And during the reign 1 of Artaxerxes, Bishlam, 2 Mithredath, Tabeel, and the rest of their colleagues 3 wrote to King Artaxerxes 4 of Persia. This letter 5 was first written in Aramaic but then translated. [Aramaic:] 6
|NET © Notes||
1 tn Heb “And in the days.”
2 tn The LXX understands this word as a prepositional phrase (“in peace”) rather than as a proper name (“Bishlam”). Taken this way it would suggest that Mithredath was “in agreement with” the contents of Tabeel’s letter. Some scholars regard the word in the MT to be a corruption of either “in Jerusalem” (i.e., “in the matter of Jerusalem”) or “in the name of Jerusalem.” The translation adopted above follows the traditional understanding of the word as a name.
3 tc The translation reads the plural with the Qere rather than the singular found in the MT Kethib.
4 sn Artaxerxes I ruled in Persia from ca. 465–425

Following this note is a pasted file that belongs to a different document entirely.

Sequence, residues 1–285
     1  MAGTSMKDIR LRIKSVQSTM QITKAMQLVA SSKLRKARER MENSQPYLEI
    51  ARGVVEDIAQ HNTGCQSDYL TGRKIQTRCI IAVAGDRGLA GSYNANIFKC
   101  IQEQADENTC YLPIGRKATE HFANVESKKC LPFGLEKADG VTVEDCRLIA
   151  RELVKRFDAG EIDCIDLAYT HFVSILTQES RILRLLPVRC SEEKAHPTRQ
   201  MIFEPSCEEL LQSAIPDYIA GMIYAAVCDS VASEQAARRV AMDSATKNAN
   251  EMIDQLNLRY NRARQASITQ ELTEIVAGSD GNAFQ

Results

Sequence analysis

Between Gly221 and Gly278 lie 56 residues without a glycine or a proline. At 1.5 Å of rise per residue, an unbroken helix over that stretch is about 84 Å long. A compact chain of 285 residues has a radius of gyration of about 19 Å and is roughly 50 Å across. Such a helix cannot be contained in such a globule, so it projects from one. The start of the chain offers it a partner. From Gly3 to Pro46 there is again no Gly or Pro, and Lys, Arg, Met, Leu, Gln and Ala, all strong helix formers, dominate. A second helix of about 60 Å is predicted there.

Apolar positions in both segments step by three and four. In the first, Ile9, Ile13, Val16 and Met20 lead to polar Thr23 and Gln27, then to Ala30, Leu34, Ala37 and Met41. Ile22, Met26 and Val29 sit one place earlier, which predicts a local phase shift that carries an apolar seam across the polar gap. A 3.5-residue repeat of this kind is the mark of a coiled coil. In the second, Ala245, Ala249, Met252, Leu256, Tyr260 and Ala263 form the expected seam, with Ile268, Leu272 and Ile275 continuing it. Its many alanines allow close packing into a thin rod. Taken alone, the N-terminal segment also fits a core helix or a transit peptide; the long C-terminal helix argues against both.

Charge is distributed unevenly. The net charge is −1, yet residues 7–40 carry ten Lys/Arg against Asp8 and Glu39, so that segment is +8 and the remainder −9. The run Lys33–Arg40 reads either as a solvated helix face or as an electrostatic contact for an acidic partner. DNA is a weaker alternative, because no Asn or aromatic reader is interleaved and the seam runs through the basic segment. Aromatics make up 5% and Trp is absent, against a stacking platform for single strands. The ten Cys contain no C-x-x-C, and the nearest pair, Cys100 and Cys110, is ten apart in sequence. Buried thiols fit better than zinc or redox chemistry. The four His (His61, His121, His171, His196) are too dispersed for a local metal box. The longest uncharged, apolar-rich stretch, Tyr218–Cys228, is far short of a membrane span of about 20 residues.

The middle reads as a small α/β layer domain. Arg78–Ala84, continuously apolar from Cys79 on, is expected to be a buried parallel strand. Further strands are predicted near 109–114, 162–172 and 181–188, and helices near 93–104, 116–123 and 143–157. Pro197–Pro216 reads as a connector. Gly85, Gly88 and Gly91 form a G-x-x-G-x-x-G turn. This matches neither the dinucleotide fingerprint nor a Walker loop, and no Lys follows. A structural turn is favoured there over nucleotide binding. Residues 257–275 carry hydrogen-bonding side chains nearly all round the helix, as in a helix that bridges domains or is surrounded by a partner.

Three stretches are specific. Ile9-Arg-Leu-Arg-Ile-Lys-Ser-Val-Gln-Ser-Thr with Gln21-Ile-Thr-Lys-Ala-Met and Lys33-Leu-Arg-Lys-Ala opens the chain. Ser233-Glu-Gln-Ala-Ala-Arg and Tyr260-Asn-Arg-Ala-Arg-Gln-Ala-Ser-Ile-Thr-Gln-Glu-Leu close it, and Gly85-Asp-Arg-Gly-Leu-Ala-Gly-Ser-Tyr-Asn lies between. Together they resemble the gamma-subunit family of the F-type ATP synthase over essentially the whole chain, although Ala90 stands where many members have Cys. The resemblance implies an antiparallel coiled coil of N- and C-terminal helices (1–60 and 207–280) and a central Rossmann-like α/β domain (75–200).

5 tc It is preferable to delete the MT’s וּכְתָב (ukhÿtav) here.
6 sn The double reference in v. 7 to the Aramaic language is difficult. It would not make sense to say that the letter was written in Aramaic and then translated into Aramaic. Some interpreters understand the verse to mean that the letter was written in the Aramaic script and in the Aramaic language, but this does not seem to give sufficient attention to the participle “translated” at the end of the verse. The second reference to Aramaic in the verse is more probably a gloss that calls attention to the fact that the following verses retain the Aramaic language of the letter in its original linguistic form. A similar reference to Aramaic occurs in Dan 2:4b, where the language of that book shifts from Hebrew to Aramaic. Ezra 4:8–6:18 and 7:12-26 are written in Aramaic, whereas the rest of the book is written in Hebrew.